Ofcom lifts lid on plan to diversify 5G market

Written by Charlotte Newbury on 31 March 2021 in News
News

The SmartRAN Open Network Interoperability Centre will be available to both existing and emerging 5G suppliers

Credit: Pixabay

UK communications regulator Ofcom is to work with government innovation agency the Digital Catapult to launch a programme for testing open networking solutions, beginning with open RAN. 

Radio access networks – or RAN – are used to link mobile operators core networks to users’ phones. In an open RAN model, networks typically allow a greater and more diverse selection of vendors, rather than a closed and proprietary infrastructure.

Speaking at the PublicTechnology Live event that last week, Simon Saunders, director of emerging and online technology at Ofcom, told attendees how The SmartRAN Open Network Interoperability Centre (SONIC) would allow the regulator a greater insight into the evolution of the technology. 

“It’s really a platform for us to take these Lego blocks that sit within this open RAN trend from different vendors, to try plugging them together and seeing if they fit, finding out whether the standards are sufficient for the task, finding out whether vendors are complying with those standards, and finding out what that implies in terms of when and how operators could bring this technology into their own networks.” 

The centre fulfils part of Ofcom’s remit to encourage innovation amongst UK organisations and businesses.

“We actually have a legal duty to pay attention to innovation,” Saunders said. “And we’ve always done that.” 


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He referred to the Communications Act of 2003, which established Ofcom, and which includes the provision that the regulator act: “With regard to the desirability of encouraging investment and innovation.” 

There has been a particular focus on 5G following the release of a government 5G Diversification Strategy in November, prompted in part by the planned removal of all Huawei equipment from UK networks “no later than 2027.”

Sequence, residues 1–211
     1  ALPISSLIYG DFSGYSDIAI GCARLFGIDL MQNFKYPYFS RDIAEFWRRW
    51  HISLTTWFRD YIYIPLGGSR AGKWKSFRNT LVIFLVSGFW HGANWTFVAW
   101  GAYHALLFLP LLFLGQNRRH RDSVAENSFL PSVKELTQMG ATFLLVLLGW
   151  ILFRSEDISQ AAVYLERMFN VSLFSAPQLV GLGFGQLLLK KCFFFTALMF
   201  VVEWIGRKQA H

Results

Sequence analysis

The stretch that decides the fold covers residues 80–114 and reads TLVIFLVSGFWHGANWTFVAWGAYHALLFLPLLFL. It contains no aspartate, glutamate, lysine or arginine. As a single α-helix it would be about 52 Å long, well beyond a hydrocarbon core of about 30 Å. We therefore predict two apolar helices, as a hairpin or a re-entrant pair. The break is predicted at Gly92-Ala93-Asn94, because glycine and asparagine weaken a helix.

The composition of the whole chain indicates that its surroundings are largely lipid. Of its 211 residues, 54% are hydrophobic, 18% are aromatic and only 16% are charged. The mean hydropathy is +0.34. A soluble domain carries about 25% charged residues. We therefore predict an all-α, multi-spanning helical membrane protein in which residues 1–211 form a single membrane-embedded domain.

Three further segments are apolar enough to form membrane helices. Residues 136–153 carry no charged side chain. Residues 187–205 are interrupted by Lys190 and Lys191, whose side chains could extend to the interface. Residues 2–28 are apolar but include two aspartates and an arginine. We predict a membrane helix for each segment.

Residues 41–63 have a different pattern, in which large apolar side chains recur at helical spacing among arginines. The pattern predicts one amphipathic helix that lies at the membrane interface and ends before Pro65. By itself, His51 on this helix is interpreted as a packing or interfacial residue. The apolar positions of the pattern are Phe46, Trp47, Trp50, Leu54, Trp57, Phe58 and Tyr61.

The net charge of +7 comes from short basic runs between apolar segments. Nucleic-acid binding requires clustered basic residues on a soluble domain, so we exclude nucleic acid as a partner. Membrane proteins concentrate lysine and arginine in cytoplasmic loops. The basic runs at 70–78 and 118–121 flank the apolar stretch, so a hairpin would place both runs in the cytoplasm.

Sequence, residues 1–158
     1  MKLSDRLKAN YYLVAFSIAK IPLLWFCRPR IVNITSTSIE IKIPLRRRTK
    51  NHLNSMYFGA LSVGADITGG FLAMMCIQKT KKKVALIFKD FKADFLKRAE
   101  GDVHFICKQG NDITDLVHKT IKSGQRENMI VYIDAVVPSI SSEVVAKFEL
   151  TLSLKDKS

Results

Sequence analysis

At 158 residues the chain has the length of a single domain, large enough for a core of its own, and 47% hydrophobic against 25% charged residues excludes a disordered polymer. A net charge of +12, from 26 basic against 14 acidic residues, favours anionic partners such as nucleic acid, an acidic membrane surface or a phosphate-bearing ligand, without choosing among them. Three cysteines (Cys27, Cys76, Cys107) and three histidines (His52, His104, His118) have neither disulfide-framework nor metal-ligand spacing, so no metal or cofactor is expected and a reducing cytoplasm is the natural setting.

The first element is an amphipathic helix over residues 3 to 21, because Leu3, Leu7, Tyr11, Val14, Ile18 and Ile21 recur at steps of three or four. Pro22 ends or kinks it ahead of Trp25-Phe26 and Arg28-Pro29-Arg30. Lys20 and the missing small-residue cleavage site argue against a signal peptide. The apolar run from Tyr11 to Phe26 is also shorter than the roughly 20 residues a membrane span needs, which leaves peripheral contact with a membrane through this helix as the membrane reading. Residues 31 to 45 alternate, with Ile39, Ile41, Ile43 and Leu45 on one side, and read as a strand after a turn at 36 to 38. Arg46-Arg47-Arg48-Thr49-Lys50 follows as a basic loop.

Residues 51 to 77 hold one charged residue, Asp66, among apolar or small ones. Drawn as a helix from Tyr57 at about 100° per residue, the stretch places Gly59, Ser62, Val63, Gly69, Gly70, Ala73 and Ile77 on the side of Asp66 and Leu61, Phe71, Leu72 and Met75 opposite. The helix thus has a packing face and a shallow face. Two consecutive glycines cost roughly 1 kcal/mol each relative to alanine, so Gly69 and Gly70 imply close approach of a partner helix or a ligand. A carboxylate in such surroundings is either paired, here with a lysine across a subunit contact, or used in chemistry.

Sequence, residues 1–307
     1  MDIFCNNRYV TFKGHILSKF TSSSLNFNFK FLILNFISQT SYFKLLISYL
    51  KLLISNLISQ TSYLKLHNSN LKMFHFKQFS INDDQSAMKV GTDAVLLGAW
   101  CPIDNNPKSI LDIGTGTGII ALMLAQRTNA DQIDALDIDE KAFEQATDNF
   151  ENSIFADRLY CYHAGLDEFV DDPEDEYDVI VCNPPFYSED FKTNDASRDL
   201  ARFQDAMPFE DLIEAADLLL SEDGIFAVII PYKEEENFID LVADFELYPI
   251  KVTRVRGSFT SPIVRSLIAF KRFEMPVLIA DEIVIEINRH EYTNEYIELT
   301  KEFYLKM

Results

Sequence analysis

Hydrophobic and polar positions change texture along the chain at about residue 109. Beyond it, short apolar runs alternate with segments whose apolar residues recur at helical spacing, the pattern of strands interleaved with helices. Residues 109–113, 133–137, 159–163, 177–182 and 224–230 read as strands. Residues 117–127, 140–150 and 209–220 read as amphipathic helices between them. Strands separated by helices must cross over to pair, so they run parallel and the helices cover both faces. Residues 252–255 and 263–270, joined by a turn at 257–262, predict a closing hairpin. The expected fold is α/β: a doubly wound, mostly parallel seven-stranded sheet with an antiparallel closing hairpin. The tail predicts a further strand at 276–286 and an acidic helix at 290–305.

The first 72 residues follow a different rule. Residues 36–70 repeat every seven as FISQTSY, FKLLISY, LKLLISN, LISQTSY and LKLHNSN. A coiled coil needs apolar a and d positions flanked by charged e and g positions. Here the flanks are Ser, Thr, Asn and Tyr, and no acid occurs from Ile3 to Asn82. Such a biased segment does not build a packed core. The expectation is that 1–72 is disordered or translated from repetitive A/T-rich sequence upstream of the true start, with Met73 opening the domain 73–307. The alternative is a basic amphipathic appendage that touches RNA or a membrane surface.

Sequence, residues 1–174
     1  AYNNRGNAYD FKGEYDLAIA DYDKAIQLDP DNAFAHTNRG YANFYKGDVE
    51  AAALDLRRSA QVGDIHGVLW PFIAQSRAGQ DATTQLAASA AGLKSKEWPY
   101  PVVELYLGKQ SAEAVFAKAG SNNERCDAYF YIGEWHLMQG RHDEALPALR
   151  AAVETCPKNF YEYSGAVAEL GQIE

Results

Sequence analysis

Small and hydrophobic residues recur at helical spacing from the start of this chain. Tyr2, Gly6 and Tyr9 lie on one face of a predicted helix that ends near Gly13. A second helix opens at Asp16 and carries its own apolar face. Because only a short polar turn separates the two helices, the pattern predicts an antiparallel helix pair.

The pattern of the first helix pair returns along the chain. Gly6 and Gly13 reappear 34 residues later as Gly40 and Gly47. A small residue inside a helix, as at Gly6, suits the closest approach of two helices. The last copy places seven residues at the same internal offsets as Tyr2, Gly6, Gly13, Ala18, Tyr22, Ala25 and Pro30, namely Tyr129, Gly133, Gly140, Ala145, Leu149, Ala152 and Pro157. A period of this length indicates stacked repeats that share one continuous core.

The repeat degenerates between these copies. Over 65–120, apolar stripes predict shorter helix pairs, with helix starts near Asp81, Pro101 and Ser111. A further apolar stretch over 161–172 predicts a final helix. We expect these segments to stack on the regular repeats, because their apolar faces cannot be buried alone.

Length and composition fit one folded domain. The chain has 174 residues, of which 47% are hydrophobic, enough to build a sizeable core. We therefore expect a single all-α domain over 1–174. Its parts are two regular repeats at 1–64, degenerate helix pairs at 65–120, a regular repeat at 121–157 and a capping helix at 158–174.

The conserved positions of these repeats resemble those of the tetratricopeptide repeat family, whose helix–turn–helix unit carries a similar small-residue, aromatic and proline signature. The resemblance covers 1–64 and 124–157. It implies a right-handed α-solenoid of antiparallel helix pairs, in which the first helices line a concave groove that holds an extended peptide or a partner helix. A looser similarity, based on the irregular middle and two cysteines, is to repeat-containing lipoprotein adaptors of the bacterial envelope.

Oliver Dowden, the secretary of state for Digital, Culture, Media and Sport, writes in his foreword, “That decision is the right one, but it also risks leaving us overly reliant on too few suppliers. This 5G Diversification Strategy is a clear and ambitious plan to grow our telecoms supply chain while ensuring it is resilient to future trends and threats.”

Official guidance on the 5G Diversification Strategy outlines a hope that SONIC will, “kickstart the process of diversification and build momentum”. 

Its approach outlines three key aims: to check that existing suppliers are stable; to attract new suppliers to the UK market; and to accelerate the development of solutions. 

“We want to show to innovators in this area that the UK is open for business,” Saunders told event attendees. 

He said that while some of the regulator’s role could be fulfilled by talking to industry partners, by forming opinions and becoming an expert within each field, “there’s nothing for technologists like actually engaging with the technology”.

The centre will launch in early summer, with an advertised live date of May 2021. The official website states it will, “evolve over time to create a foundation for broader national testbed and laboratory initiatives.” 

By encouraging both new and established vendors to participate, Saunders said he hoped there would be more opportunities for, “smaller companies and early-stage innovators to impact on these critical networks”.

With the government's digital strategies developing so quickly, Saunders acknowledged there was “no lack of challenges”.

“Technology and innovation inevitably come with reasonably rapid change,” he said. “It prompts us to not only try to do regulation in the old ways faster, but also to look at ways of doing regulation that don’t have to keep up.” 

 

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